Bold prints and moveable fireplaces are all the rage in interior design.

Troy Beasley and Stephanie Henley, the husband and wife team behind Beasley & Henley Interior Design in Winter Park, have been creating stunning interiors together since 1993. Their distinctive designs have earned plenty of awards and recognition over the years.

The couple’s design work is distinguished by its clean, understated modernity expressed in rich layers of high-end materials and finishes. Their spaces feature unexpected design elements, including antique granite, Venetian plaster, industrial lighting and stained concrete floors, combined with classically designed furniture pieces, sumptuous fabrics and fine details such as nailhead trim and deeply tufted upholstery.

They tore themselves away from their fabric swatches and paint chips long enough to share their expert opinions on today’s top interior design trends, as shown in the accompanying photos of their work.

‘Floating’ Fireplaces

Because they use alcohol-based gels or bio-fuels that don’t produce smoke, the latest fireplaces don’t require a wall or a chimney; instead, they “float” in the center of the room. “These creative new fireplace designs can be placed anywhere in a space for a multitude of purposes,” says Henley. “In the condo shown here, we used it as a room divider.”

Dimensional Wall Treatments

3-D applications, including deeply textured wallpaper, multisurface tiles, wave walls and wall panels “give a space visual complexity and depth,” says Beasley. “I like installing a dimensional accent wall in a room with an abundance of smooth surfaces to add contrast and interest.”

Oversized Artwork

A single large piece of art or photography that dominates a wall delivers more impact than a busy grouping of smaller pieces.  “It’s a cleaner, stronger look,” says Beasley.

Shag Rugs

Area rugs with long looped or cut pile (some resemble sheepskin, chenille or bouclé, a heavy looped pile) add warmth and comfort to a space. Beasley and Henley like to use thick shag area rugs to provide a soft, inviting contrast to rooms with multiple hard or shiny surfaces.

Orange Accents

Pops of citrusy shades in artwork, as well as on walls and decorative accessories, instantly bring warmth and energy to a room. “It’s a great color to use in entertaining spaces,” says Henley, who advises balancing this hot shade with soothing neutrals.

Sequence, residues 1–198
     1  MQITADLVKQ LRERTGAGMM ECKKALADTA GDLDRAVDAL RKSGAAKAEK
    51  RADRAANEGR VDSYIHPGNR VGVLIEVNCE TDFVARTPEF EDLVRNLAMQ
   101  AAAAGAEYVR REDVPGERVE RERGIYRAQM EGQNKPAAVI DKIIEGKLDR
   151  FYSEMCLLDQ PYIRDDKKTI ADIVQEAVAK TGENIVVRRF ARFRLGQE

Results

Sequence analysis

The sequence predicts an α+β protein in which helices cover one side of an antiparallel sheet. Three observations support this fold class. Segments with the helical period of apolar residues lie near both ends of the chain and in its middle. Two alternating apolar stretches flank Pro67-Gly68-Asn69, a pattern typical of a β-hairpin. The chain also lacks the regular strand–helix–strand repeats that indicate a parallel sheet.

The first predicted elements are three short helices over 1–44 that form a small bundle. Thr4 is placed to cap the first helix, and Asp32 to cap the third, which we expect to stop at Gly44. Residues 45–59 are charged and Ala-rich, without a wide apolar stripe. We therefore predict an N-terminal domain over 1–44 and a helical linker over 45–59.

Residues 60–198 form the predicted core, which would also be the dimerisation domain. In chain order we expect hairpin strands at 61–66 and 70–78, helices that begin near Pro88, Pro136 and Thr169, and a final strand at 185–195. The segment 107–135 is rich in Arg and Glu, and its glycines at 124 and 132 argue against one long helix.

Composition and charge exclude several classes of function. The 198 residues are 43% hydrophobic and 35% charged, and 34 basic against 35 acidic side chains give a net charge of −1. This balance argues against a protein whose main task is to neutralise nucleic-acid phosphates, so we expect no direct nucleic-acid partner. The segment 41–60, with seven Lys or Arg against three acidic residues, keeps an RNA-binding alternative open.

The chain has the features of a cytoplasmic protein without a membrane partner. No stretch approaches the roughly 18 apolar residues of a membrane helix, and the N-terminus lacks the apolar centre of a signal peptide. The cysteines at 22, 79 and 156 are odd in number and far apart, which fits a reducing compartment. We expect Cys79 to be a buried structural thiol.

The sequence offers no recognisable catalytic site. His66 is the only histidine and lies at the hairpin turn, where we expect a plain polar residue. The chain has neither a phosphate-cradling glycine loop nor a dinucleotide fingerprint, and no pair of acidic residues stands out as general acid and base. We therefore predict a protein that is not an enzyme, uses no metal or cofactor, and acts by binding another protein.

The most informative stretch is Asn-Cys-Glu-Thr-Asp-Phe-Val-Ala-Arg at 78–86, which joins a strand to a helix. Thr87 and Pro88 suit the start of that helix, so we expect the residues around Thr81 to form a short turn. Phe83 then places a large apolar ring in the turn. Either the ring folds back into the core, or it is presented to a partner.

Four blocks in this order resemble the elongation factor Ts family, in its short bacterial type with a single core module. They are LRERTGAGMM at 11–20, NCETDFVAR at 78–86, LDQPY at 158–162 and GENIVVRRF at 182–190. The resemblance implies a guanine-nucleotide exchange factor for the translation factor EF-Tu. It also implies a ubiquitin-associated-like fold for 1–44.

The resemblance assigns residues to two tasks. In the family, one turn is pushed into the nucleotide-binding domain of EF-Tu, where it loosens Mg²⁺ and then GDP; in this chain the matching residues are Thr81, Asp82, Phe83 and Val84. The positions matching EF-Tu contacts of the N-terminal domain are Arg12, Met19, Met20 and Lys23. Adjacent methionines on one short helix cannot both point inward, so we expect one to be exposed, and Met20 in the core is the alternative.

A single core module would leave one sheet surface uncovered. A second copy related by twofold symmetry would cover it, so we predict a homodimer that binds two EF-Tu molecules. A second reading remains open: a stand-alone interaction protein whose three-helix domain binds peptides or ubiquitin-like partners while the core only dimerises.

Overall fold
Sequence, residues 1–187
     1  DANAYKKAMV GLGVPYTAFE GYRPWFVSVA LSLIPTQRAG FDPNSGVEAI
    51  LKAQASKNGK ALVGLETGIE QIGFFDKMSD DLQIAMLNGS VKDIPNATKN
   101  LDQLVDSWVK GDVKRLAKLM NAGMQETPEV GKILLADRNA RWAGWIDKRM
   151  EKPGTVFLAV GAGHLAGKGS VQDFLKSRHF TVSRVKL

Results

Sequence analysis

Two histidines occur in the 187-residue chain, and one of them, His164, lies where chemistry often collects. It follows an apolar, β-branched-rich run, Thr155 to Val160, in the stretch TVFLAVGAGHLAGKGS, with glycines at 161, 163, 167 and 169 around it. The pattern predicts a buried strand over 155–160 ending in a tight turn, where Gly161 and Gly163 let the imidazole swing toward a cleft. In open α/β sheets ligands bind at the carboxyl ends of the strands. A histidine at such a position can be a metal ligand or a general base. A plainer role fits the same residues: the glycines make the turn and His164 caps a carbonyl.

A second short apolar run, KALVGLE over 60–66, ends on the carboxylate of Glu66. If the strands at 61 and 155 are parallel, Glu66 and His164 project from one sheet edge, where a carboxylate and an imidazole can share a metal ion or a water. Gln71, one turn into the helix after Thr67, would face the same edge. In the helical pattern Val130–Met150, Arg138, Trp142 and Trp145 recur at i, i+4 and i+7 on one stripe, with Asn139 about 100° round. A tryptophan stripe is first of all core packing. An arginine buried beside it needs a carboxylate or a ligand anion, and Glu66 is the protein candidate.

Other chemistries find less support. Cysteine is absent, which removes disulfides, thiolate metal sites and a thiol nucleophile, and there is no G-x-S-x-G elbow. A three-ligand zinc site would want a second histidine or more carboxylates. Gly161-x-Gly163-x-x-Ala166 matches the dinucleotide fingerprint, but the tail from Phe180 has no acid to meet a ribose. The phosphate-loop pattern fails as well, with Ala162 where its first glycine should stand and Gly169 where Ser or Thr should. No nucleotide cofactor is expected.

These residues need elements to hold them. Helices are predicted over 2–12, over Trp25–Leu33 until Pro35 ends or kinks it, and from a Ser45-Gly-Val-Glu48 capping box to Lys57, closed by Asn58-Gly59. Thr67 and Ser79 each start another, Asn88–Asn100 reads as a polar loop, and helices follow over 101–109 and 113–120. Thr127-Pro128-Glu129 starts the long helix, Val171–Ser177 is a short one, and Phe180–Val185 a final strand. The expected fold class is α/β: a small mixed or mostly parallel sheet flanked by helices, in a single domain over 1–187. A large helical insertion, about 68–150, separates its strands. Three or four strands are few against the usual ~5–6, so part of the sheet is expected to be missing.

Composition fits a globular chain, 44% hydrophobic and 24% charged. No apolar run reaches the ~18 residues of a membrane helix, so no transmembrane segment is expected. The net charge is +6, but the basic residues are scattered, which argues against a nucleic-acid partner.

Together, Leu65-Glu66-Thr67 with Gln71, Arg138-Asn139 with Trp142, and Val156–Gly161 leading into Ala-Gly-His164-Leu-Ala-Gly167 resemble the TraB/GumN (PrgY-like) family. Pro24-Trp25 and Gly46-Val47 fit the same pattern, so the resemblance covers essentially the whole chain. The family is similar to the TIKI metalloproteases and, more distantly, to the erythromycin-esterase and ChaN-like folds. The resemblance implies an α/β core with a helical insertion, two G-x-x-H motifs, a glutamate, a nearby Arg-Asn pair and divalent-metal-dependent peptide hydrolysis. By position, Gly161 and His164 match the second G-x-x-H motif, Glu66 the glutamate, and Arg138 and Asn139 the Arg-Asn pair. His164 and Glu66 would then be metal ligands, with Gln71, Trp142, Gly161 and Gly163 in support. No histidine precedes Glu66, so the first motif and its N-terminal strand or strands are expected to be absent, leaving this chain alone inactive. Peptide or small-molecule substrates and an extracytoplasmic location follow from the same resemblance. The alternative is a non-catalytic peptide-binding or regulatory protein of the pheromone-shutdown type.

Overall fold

Big Prints

Room accents such as pillows with bold, oversized prints are big news for 2011. “We love bringing in large, bold prints to a space that features understated furniture pieces and neutral tones,” says Henley. “Big prints are lively and eye-catching; they make a space come alive.” Big prints should always be used sparingly, as they can quickly overwhelm a space.

An Appetite for Cool Blue

Those who subscribe to color theory attest that red is an appetite stimulant (it’s no coincidence that every major fast-food chain logo features liberal splashes of red), while blue has the opposite effect.

Juan Rios is no student of interior design. When Rios and his father opened Agave Azul in a shopping center on Kirkman Road in southwest Orlando, he unwittingly broke the rules for restaurant color schemes.

His restaurant’s interior plays on the name, which means blue agave, the plant from which tequila is made. “I wanted to keep it a little different than a traditional Mexican restaurant, more modern,” Rios says. He eschewed the predictable piñatas and sombreros in hot colors taken from the Mexican flag in favor of cool blues and shimmering silver (above), relaxing hues you don’t normally see in restaurants because they’re suspected hunger-killers. Wall niches with iridescent blue glass tiles and booths upholstered with blue fabric are further cooled by mirrored wall accents and the silver-painted wall between the dining room and bar. The water wall (above) from BluWorld in Orlando amplifies the restaurant’s color scheme and reflective theme.

Somehow, judging from the filled tables and the number of fajitas I managed to put away myself on a recent visit, no one suffers from a suppressed appetite while dining at Agave Azul. How refreshing that someone unschooled in design managed to create an unconventional dining space that’s both aesthetically pleasing and appetizing.

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